OCTOBER 19, 2006

Monterey Bay Aquarium -- Response to Seafood/Health Reports

Aquarium experts: Some wild-caught, farmed seafoods are better choices for the environment.

People who choose to eat more seafood because of its health benefits should also consider the environmental impact of the fishing and fish-farming practices that put the seafood on their plate, officials with the Seafood Watch program at the Monterey Bay Aquarium cautioned.The reminder comes following the Oct. 17 release of two studies by the Institute of Medicine of the National Academies and the Harvard School of Public Health, which concluded that there are health benefits for most people from substituting seafood for other animal protein in the diet.

“Seafood can be a healthy choice for people, but it has to be a healthy choice for the environment, too," said Jennifer Dianto, Senior Program Manager for the aquarium's Seafood Watch program.

“Much of the seafood on the market today is caught or farmed in ways that are not sustainable over the long term. The only way we can keep seafood in our diet is by making choices that preserve the abundance of wild fish populations and protect the habitats that support productive fishing grounds."

There are similar concerns about farmed seafood from aquaculture operations. George Leonard, the program's Science Manager adds, “Farmed seafood is an increasingly important source of protein worldwide." “But many aquaculture operations have yet to solve the problems that will guarantee sustainable growth into the future. That means assuring that fish-farming doesn't destroy critical coastal habitats needed by wild fish, generate unacceptable levels of pollution in coastal waters, or rely on catching wild fish to feed aquaculture stocks beyond the point where wild fish can keep up with the demand."

Since 1999, the aquarium's Seafood Watch program has released consumer pocket guides that help consumers choose seafood that is caught or farmed in sustainable ways. It has distributed more than 8 million pocket guides nationwide, including five regional guides, one national guide, and two pocket guides in Spanish (a West Coast regional guide and a national guide).

The aquarium also works with major seafood buyers to shift their purchases to sustainable seafood items.

“The choices we make as individual consumers and as businesses drive the seafood marketplace," Dianto said. “Our purchasing power can make all the a difference, by supporting fisheries and fish farms that are better for the environment, while at the same time relieving pressure on others that are not doing as well."

In just the last year, companies including retailing giant Wal-Mart and Compass Group North America, the largest food service company in North America, have announced plans to buy only seafood from sustainable sources.

Leonard heads a team of fisheries researchers at the aquarium who evaluate the most popular seafood items on the market and make consumer recommendations that each item is either a “Best Choice," “Good Alternative" or a species to “Avoid" based on whether it is caught or farmed in a sustainable manner.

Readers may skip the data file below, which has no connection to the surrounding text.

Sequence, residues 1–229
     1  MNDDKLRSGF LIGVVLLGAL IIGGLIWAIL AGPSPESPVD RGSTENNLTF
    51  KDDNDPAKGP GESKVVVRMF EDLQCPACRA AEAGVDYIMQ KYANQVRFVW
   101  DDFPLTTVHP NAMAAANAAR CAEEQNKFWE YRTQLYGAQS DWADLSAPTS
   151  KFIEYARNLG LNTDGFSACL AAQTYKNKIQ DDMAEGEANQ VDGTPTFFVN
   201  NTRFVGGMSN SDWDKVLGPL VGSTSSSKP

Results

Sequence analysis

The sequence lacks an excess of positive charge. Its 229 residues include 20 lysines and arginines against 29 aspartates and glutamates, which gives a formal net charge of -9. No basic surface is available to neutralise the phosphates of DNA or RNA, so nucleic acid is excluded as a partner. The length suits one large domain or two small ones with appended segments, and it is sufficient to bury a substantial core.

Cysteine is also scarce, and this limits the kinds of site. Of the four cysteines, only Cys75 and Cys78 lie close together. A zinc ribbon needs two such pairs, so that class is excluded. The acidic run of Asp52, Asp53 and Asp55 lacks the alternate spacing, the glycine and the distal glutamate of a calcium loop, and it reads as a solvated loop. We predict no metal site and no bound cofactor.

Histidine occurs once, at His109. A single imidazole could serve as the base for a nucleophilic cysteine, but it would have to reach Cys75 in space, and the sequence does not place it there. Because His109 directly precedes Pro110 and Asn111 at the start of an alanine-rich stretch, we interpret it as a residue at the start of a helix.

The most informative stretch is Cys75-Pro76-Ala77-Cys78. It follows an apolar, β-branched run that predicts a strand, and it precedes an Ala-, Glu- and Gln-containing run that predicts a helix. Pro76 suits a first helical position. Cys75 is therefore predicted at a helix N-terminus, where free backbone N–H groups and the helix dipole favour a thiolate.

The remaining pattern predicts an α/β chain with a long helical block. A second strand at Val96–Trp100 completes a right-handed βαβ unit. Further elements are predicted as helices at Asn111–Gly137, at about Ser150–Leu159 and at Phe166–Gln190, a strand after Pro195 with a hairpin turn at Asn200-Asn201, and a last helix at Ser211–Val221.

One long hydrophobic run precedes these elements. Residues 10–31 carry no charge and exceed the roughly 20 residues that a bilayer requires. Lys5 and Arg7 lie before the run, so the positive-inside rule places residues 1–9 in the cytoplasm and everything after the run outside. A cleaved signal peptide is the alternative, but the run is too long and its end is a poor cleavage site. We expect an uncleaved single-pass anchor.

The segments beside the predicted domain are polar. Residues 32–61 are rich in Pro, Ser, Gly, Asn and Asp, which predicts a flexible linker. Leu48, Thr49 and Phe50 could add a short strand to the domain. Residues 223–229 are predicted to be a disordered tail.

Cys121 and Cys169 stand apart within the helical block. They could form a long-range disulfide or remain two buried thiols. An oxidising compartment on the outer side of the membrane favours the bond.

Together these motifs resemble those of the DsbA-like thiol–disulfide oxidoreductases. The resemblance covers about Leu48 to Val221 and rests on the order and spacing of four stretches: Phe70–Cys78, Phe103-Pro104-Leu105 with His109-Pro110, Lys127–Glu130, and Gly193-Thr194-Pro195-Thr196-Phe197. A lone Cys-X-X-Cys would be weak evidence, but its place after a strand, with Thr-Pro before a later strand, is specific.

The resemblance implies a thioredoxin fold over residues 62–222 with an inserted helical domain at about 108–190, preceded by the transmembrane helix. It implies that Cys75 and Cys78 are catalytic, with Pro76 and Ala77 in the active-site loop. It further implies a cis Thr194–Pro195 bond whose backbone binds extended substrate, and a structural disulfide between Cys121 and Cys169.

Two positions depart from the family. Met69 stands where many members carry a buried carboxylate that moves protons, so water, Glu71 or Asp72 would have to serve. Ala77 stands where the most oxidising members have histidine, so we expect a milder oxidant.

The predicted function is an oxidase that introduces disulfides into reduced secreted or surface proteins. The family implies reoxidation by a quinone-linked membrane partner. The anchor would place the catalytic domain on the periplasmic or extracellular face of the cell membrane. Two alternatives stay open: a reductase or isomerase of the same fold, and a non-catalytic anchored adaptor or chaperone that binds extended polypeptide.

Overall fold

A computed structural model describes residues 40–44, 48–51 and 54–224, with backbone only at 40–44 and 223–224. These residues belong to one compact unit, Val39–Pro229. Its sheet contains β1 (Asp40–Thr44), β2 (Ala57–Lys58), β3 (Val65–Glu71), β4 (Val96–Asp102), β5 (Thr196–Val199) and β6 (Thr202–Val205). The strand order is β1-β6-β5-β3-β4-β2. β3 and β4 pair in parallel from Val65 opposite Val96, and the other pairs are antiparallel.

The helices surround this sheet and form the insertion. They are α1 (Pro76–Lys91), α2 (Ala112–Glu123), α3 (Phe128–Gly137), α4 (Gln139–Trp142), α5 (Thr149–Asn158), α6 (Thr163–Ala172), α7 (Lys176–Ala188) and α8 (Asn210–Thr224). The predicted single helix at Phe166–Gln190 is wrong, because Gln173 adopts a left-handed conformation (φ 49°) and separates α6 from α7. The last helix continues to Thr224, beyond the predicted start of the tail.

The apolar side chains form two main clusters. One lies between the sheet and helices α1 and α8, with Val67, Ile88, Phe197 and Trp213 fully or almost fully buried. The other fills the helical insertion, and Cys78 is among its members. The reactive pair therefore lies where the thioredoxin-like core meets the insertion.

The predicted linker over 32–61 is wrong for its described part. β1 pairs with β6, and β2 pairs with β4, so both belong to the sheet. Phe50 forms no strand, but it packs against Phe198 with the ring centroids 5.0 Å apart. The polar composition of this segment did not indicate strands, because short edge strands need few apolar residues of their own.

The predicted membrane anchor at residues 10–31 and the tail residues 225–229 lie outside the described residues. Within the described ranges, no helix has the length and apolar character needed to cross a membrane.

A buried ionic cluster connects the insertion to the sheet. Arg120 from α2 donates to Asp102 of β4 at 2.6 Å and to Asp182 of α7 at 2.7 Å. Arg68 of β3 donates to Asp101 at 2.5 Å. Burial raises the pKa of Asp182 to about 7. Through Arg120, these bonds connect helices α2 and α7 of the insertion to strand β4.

The researchers evaluate each species on criteria that include: the level of bycatch observed (other fish and wildlife caught and killed accidentally while fishing for one species); other impacts from fishing methods (including damage to habitat needed by other ocean wildlife); and, for farmed species, the farming methods, and how well the fishery or aquaculture operation is managed.

“With nearly 75 percent of the world's fisheries either fully fished or overfished, these are critical issues when people make seafood buying decisions," Leonard said. “By using our Seafood Watch pocket guides, they can make choices based on the best available information and support environmentally friendly fisheries and aquaculture operations."

“We believe that seafood from sources, either fished or farmed, that can exist over the long-term without compromising species? survival or the health of the surrounding ecosystem is sustainable," he said. “And when consumers choose sustainable seafood, they can continue to enjoy seafood as part of a healthy diet."

More information and printable pocket guides are available at www.seafoodwatch.org. The results of the Institute of Medicine study on seafood and health can be found at http://www.iom.edu/CMS/3788/23788/37679.aspx.

The Harvard School of Public Health study can be found at http://www.hsph.harvard.edu/press/releases/press10172006.html.

The mission of the Monterey Bay Aquarium is to inspire conservation of the ocean.


Events |  Food & Beverage International |  NutraFoodies |  California the Magazine
Home |  Food |  Wine |  Chefs |  Restaurants |  Advertisers |  Recipes
Travel |  Forager |  Who's News |  Directories |  Newsletter |  About Us |  Media Kit

©2006 Food&Beverage International
All rights reserved. | Contact Us |